When you apply for a mortgage with us, you’ll probably expect us to look at your credit score or ask to see your pay stubs. You might be more surprised when we request your bank statements as well, however.
No, this isn’t us being difficult. Industry standards and mortgage banking regulations require lenders to confirm the presence and source of your down payment and closing cost funds and to ensure you can afford your monthly mortgage payments. Reviewing your bank statements (typically the last two months’ worth) is one way we fulfil this requirement.
By knowing what to expect from this step, you can make the mortgage process smoother and increase your chances for a loan approval. Before you apply for your mortgage, try to ensure your bank statements stay free of these red flags.
A recent history of overdraft charges or insufficient funds is a worrying sign for lenders. To prove that you’re a good borrower, do what you can to keep your accounts out of the red.
Making a large deposit into your bank account before buying a home may seem like a natural step, but it can raise red flags. Funds from certain sources are unacceptable or illegal to use for mortgage payments, so you’ll need to provide an acceptable explanation for large non-payroll deposits. Without the right “paper trail” for your deposits, those funds may not be considered when qualifying you for your loan.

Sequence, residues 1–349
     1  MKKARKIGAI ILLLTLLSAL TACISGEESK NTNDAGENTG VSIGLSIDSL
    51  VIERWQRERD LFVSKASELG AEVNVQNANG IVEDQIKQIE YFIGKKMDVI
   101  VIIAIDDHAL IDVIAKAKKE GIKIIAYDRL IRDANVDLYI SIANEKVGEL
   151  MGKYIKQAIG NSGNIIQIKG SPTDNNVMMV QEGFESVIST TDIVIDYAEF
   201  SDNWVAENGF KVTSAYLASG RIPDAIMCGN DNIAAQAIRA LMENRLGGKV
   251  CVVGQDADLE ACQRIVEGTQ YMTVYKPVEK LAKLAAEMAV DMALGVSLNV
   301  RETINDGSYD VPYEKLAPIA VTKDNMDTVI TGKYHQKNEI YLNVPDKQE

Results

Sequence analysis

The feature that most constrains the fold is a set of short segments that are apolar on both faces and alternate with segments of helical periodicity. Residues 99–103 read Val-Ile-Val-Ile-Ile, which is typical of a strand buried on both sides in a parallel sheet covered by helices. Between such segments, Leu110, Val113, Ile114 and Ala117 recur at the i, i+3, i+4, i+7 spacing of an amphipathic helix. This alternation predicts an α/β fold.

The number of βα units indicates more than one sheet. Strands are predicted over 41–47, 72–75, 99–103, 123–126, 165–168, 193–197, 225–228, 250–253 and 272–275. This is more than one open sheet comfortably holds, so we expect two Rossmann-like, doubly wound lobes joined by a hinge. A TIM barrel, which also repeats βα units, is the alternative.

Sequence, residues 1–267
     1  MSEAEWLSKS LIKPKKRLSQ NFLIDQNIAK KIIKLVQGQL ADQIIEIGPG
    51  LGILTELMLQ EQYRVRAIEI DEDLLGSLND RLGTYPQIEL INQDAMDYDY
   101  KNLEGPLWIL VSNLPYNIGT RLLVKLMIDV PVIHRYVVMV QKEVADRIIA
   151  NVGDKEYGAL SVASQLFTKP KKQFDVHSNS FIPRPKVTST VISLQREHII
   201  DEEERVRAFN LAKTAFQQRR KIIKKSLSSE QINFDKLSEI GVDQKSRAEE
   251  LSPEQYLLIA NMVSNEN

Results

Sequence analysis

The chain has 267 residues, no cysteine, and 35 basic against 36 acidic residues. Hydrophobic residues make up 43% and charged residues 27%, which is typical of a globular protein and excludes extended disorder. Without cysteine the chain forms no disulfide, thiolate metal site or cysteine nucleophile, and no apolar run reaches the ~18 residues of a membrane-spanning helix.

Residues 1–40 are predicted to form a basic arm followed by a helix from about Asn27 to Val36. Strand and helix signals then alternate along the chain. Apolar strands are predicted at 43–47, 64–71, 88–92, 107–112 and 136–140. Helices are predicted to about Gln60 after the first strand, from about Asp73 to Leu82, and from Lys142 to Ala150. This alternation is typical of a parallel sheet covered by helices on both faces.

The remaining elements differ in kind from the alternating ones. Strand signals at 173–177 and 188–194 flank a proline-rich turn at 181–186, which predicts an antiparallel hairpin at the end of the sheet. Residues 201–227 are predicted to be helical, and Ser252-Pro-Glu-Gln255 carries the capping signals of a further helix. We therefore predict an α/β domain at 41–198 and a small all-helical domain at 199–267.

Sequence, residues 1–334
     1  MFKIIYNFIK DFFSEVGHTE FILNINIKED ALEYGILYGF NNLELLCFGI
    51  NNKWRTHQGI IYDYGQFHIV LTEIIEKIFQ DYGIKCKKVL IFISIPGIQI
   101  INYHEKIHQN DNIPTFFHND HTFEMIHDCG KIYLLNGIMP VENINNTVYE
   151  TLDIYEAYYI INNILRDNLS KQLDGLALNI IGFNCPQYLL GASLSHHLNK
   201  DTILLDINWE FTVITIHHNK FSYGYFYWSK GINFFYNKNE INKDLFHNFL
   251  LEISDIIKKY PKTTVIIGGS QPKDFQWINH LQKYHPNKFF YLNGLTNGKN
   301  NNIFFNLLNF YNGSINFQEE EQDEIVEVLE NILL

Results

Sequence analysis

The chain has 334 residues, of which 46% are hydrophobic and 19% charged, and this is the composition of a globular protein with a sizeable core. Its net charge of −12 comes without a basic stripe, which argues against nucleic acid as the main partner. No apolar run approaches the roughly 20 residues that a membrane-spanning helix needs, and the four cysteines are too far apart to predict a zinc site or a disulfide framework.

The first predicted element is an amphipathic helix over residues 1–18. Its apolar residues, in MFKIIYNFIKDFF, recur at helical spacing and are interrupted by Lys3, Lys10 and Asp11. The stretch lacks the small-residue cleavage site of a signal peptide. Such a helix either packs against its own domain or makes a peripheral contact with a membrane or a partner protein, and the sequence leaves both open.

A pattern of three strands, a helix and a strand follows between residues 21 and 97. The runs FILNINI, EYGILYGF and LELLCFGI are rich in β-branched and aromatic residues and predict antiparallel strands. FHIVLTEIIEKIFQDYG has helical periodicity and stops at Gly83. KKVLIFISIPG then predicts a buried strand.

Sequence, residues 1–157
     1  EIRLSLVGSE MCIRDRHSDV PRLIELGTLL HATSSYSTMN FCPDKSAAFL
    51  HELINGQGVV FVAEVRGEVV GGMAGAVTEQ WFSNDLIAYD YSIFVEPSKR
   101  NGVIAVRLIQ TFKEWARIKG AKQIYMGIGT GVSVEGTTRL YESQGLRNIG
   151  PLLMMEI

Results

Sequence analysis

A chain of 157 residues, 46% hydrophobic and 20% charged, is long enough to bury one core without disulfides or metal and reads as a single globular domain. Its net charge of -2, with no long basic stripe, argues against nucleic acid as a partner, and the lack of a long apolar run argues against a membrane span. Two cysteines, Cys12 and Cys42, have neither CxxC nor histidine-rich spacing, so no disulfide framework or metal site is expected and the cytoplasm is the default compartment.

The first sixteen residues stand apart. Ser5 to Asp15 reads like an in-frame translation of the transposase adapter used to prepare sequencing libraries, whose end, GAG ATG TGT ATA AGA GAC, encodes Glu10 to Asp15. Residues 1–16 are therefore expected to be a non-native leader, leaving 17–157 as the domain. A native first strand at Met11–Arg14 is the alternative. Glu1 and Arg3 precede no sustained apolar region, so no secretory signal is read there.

Signs of non-disclosed credit
Just as unexplained deposits can hinder your loan qualifications, so can unexplained payments. For example, if you have recurring payments to a family member for money you owe them, lenders could count that against your qualifications.
It’s best to start preparing your bank accounts to meet these criteria several months before you apply for a mortgage. This helps ensure you can start shopping for a home when you want and that your loan will be ready when you need it. Make sure to maintain good financial practices throughout the entire mortgage process.